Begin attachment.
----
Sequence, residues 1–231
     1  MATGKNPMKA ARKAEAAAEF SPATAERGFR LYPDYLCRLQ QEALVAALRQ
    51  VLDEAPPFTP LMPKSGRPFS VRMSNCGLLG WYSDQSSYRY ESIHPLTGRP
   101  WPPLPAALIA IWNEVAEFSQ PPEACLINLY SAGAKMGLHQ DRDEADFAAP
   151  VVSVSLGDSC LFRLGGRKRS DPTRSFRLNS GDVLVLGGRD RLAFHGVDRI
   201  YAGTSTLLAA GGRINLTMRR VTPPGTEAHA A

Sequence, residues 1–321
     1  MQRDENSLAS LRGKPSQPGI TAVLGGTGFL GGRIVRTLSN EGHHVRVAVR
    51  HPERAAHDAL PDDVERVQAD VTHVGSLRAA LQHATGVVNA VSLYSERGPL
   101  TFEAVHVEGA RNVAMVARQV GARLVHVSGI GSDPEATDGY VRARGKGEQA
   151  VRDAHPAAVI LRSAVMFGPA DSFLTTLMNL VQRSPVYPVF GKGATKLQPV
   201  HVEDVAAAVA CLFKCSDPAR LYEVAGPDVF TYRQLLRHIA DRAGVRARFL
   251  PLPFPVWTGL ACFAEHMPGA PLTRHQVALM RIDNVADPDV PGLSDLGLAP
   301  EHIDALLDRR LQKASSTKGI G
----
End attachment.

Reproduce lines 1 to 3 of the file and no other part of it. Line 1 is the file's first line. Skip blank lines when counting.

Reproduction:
Sequence, residues 1–231
     1  MATGKNPMKA ARKAEAAAEF SPATAERGFR LYPDYLCRLQ QEALVAALRQ
    51  VLDEAPPFTP LMPKSGRPFS VRMSNCGLLG WYSDQSSYRY ESIHPLTGRP